2. Assist restoration efforts on both of our coasts to bring salmon populations back to their historic levels, wherever possible.


From a promotional standpoint, Slow Food Canada undertakes to:


1. Provide the names and addresses of the remaining small fishermen, First Nations communities and small-scale salmon processors and suppliers in order to promote them through the media so that the concept of protection goes hand in hand with that of economic return.


2. Promote projects aimed at teaching taste to children from an early age.


3. Encourage chefs in Canada who are active regional promoters of wild salmon to use them in the preparation of dishes only when in season. Wild salmon should not be on menus every day of the year as a tourist attraction, but should be anticipated and appreciated in season, at the peak of freshness.


Threats to our wild salmon fisheries:


1. Salmon farming weakens the ecological and social capital of coastal communities where livelihoods depend on wild salmon. Over the past two decades, salmon has been degraded from a seasonal delicacy and a celebration of local food to a low-value global commodity. Market value for all salmon, wild and farmed, is 20 percent of what it was a decade ago due to global overproduction of farmed product. Perhaps the most insidious result of the rise of the farmed salmon industry is the loss of connection between people to salmon and to the coastal communities that harvest it.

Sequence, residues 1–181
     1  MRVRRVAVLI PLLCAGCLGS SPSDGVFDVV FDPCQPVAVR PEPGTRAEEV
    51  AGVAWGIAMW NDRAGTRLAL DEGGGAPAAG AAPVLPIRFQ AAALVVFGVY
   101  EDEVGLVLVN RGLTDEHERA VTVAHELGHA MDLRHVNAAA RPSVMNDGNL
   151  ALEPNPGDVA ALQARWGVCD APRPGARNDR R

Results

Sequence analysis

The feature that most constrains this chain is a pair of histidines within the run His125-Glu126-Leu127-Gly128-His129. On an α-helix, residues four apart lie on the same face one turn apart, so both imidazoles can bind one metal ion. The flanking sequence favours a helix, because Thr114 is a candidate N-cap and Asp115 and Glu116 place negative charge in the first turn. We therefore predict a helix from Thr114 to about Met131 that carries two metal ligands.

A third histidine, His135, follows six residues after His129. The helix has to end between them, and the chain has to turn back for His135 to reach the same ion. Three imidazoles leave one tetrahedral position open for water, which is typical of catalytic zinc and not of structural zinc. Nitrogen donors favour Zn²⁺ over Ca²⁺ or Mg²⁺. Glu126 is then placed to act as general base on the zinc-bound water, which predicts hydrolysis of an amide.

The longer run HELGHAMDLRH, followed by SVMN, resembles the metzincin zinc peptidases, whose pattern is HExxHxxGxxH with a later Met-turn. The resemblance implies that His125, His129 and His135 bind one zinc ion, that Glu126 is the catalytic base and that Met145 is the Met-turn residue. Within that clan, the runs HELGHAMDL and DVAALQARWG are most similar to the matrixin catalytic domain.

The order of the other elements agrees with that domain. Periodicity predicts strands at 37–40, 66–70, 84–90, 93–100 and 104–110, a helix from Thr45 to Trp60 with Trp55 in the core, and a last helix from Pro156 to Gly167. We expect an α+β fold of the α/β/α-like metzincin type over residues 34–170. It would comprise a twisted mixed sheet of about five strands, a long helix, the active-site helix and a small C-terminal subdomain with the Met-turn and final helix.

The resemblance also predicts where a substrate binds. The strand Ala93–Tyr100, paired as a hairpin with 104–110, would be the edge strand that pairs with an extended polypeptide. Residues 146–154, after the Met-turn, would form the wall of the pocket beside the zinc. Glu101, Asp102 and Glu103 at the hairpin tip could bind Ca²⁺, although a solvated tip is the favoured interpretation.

2. The fish consumed to produce feed are the forage base of the marine communities from which they come. Their mass removal has serious negative impacts on the wild marine communities of coastal Peru, Chile and the North Sea and upon local populations dependent upon these marine species.


3. Salmon are carnivorous. From 3 to 5 kg of wild edible fish are consumed in the production of 1 kg of industrial-grade farmed salmon.


4. On average, farmed salmon flesh contains ten times the toxin load of wild salmon. Ironically, "organic" farmed salmon has been found to contain even greater loads of pollutants.